Here are Mickey's two rules for negotiating with unions:
1) Break the union.
2) There is no "2)".
Which is why it's not at all strange that he continues to believe that unions not only wish ruin upon the corporations they negotiate with, but also despise their members, hate America, kick babies, etc.:
Could it have been that Saturn's success--in a plant where workers traded inflexible work rules for responsibility and job satisfaction--threatened the hide-bound Wagner Act rulebooks of all of the UAW's other locals? So that the UAW pressured Saturn to build cars outside of its Spring Hill, Tennessee home--while it supported GM in systematically starving Saturn of new products? Just asking!
In case you're wondering what's missing there, it's called "a link to anything at all to support his theory". Curious, I went online to find what Mickey could be relying on here …
There is also the sneaking suspicion that UAW workers at plants covered by the old-style UAW work rules aren't exactly happy to be shown up by their brethren in Tennessee.
Oh, wait, that’s Mickey in 1998 (!). I wonder how many times he’s advanced this theory …
2001 -- [T]his heavily-advertised new vehicle was really part of a GM plot to kill off Saturn, which was guilty of producing reliable cars that put the rest of GM's offerings in an embarrassing light. To carry out their fiendish plan, GM executives decreed that the L-series would be built at a tired old plant in Delaware that isn't covered by the innovative labor agreement prevailing at Saturn's Spring Hill, Tenn. factory.
GM executives killed Saturn! Because of reliability!
2005 -- But GM's traditional divisions and its national union had good reason to want to extinguish Saturn, which after all was building reliable, well-made cars without complicated work rules! Saturn embarrassed the UAW.
The UAW killed Saturn! Because of embarrassment! (Note, too, how 1998’s “sneaking suspicion” of UAW jealousy has magically transformed into 2005’s acknowledged fact.)
2005 -- But the result wasn't that the Saturn model spread to other GM (or Ford) plants. The result was that the rest of GM--union and management--mobilized to make sure that Saturn got killed off as quickly as possible, a project they've almost completed.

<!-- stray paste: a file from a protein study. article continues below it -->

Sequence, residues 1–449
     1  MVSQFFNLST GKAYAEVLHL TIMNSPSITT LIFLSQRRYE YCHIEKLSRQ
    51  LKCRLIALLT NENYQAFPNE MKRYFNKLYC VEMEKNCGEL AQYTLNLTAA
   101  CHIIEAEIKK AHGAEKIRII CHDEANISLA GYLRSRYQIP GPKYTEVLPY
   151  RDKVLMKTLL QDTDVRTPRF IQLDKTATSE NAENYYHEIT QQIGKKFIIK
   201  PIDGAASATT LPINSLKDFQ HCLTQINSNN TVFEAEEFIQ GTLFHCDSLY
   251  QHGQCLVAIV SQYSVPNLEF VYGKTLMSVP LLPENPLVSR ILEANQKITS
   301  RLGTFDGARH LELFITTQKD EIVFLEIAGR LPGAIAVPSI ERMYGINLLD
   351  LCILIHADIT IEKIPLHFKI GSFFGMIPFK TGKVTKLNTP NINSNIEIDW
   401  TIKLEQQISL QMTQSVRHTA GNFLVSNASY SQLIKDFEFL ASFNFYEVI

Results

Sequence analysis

They both killed Saturn, while working together! (BONUS: a welfare reform comparison, inapt even by Mickey’s low standards)
2005 -- The rest of GM--management and UAW--bitterly resents Saturn's success (which makes the non-Saturn divisions look bad). GM headquarters starves Saturn of new products. When Saturn finally gets a new midsized car, the UAW and GM insist it be built at a tired old-style factory in Wilmington, Del.
GM, the UAW, the CIA, the Mafia, Castro, LBJ, the Teamsters and the Freemasons killed Saturn!
2005 -- Why didn't GM build on [Saturn’s] success? Because the Saturn workers' very competence threatened the continued existence of other, less competent parts of General Motors--and there were more people working there than at .
The best part of this post is Mickey obliviously linking back to the 1998 piece as though it was a prescient omen of things to come, instead of evidence of how he recycles the same stupid thought over and over and over again.
[Will Mickey engage in fact-free speculation about the motives of labor unions seven years from now? – ed. FMK’s bold prediction: “yes”!]
2008 -- If the automakers react the way GM reacted when its Saturn subsidiary actually started making good cars, their legislative strategy is clear: Figure out a way to punish Ford!
GM killed Saturn (again)!
And, of course, now we have the UAW pulling the trigger, with GM complicit in the murder.
It's like the worst version of Rashomon you could ever imagine.
So, all told Mickey’s been “just asking!” about the role that UAW resentment – resentment of productivity, of reliability, of the apparent ability of management to unilaterally destroy an entire division on a whim – played in the demise of Saturn for over a goddamn decade now. Has anyone actually answered?
Put your hand down, Mickey.